Evaluation is a matter of the most central importance to the members of this Society. Indeed, it would be hard to come to any other conclusion after reviewing the real-life consequences of typical evaluation decisions. Which faculty members will receive travel stipends, merit raises, tenure, or promotion in rank? Which courses will be retained in a calendar change, and which degree programs will be sustained in the face of system-wide retrenchment?
The session on the evaluation of college music instruction drew a great deal of interest at the recent College Music Society convention in San Diego. A number of members remained after this session to share their experiences on the subject, and I think we will hear more on the evaluation of teaching at future CMS conventions. Evaluation may be featured in a forthcoming summer institute on music teaching, and those who are interested in this topic should be alert to the possibility that CMS may offer such an institute.
It is only recently that I became sensitive to another great problem of evaluation in college music departments: the evaluation of graded recitals. Though I worked as a conductor at the public school level, all my experience in college music teaching has been on the side of academic studies rather than performance. This year I was appointed to serve as Director of Graduate Studies in my own School of Music, and before beginning these duties I had simply not realized how vital the graded recital is in the eyes of the student performing it, as well as in the eyes of his or her studio teacher. I have learned that evaluation of a graded recital offers a potential for human conflict that easily equals what is possible in a faculty tenure or promotion proceeding.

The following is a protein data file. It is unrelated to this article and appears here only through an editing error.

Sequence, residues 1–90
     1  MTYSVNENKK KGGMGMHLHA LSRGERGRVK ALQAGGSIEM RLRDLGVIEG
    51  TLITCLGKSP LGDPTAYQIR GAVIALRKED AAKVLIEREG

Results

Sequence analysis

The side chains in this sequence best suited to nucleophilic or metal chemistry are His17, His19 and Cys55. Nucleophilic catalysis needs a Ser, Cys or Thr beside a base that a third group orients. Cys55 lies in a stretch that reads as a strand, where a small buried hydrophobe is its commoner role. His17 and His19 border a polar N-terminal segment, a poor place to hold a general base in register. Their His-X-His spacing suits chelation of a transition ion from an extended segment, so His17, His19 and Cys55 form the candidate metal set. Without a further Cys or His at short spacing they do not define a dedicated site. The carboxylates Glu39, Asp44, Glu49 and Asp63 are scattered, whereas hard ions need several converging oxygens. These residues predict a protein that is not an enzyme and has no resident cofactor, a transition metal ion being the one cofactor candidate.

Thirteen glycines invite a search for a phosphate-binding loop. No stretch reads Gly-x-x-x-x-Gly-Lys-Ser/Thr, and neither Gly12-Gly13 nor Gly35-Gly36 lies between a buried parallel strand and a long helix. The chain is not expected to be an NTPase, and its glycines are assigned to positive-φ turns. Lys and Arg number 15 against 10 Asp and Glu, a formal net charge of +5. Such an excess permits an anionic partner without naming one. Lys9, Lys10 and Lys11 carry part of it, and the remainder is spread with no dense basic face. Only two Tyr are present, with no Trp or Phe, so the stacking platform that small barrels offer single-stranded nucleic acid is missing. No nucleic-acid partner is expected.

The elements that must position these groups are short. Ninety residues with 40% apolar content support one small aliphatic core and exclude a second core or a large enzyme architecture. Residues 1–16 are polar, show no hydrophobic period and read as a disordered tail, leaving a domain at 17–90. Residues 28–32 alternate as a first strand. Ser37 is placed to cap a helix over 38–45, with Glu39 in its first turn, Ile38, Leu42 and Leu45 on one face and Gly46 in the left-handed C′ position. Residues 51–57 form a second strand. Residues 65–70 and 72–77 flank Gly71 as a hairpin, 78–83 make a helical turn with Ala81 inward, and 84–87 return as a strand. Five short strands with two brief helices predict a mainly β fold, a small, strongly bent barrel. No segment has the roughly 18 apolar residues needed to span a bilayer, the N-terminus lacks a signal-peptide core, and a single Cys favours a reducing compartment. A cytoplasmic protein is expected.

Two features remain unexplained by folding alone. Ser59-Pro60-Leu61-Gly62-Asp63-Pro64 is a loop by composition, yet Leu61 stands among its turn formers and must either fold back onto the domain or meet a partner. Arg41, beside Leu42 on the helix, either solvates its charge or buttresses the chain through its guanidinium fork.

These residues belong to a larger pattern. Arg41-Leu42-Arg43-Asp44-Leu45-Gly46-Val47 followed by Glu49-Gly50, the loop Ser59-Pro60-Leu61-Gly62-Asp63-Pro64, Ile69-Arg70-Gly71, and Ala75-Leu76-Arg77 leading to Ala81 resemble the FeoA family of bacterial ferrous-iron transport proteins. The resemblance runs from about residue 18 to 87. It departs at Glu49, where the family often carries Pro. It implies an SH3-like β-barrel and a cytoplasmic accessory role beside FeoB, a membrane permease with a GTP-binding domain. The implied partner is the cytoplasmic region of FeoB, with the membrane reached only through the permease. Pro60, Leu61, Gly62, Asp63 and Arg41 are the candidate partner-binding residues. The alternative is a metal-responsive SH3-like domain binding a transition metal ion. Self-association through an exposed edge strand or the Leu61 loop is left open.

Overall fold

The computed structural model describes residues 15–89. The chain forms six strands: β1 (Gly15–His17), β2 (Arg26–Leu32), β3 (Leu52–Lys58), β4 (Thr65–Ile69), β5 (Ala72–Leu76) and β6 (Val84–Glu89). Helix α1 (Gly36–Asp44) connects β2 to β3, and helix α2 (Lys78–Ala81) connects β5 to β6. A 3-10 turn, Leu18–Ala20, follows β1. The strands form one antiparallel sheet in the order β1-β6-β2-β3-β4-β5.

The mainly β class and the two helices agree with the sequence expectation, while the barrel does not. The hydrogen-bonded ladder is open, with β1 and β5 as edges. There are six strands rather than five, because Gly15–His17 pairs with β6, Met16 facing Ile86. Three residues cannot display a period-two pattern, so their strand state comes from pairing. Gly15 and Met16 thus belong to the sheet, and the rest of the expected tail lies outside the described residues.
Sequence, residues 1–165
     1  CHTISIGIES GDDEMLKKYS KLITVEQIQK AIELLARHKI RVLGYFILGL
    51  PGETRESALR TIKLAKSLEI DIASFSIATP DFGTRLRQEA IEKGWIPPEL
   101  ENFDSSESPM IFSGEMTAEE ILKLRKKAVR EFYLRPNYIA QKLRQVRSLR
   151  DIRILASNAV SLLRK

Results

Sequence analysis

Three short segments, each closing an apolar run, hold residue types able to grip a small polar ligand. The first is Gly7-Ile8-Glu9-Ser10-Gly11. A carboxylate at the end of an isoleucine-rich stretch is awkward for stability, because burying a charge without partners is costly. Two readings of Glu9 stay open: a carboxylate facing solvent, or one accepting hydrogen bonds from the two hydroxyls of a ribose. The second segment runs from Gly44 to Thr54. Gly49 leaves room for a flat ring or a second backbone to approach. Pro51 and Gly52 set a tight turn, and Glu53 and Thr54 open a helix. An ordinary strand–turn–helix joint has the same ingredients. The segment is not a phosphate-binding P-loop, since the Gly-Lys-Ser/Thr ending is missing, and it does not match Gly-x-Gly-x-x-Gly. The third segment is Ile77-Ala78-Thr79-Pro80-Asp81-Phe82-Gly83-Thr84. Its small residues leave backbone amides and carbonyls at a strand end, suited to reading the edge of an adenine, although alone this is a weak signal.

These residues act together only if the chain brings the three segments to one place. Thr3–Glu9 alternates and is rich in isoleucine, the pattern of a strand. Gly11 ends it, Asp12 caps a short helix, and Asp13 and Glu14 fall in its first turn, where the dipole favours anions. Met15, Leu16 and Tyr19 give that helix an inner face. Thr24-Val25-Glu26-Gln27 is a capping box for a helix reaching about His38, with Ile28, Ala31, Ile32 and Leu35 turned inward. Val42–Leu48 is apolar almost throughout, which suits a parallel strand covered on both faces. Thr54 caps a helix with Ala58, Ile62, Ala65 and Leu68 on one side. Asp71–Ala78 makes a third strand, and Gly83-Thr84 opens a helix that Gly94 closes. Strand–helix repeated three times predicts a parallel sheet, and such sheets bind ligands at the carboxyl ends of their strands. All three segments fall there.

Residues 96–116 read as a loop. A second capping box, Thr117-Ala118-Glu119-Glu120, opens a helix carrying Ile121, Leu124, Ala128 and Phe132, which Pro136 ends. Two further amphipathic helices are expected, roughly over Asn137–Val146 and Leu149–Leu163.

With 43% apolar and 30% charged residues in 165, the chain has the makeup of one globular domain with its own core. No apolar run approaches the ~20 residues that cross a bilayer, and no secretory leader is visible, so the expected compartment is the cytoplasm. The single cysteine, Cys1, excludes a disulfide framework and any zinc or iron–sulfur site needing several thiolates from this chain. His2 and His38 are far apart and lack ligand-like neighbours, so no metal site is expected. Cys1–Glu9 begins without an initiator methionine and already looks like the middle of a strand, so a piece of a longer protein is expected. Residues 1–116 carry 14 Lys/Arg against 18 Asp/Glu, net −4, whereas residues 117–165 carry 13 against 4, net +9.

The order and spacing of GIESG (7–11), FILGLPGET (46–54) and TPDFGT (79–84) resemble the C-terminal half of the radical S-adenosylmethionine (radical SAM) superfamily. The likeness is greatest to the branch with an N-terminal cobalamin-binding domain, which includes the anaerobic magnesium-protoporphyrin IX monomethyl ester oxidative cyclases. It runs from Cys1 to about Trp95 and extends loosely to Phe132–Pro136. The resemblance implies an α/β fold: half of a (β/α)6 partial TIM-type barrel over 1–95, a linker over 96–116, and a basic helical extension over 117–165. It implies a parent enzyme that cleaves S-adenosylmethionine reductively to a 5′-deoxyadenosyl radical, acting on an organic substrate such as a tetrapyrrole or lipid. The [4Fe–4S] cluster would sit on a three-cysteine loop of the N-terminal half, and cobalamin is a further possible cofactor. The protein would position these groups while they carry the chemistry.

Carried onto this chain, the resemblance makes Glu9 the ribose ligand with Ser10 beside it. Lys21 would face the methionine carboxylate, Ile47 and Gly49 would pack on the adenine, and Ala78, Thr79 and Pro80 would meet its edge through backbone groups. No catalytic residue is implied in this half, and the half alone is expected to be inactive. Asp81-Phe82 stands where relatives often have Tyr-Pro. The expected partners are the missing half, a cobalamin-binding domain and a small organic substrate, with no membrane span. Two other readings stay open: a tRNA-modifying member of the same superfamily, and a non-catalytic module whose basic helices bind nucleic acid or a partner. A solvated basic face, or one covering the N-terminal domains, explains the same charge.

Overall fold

In contrast with the tenure or promotion proceeding, the graded recital takes in a much briefer sample of performance. That sample is available, however, to all who choose to attend, and they as well as the performers are able to note any instances in which members of the evaluation jury fail to live up to the rules of the proceeding. Just a few of the possible problems include the late arrival, early departure, or even the total absence of some members of the jury.
Graded recitals present a challenge to the music department in terms of both administration and evaluation. I intend to make a study of graded recitals, and I expect that friends made through CMS will be one of my primary sources of insight on this topic. This is an area in which CMS can function as a resource through which concerned professionals can find others who would like to work on a common problem.
When it is well carried out, the process of evaluation forces the evaluator to confront the sometimes competing interests of musical and academic excellence balanced against concern for the individual. Maintaining fairness while working toward musical and academic excellence is the constant goal of the humane evaluator.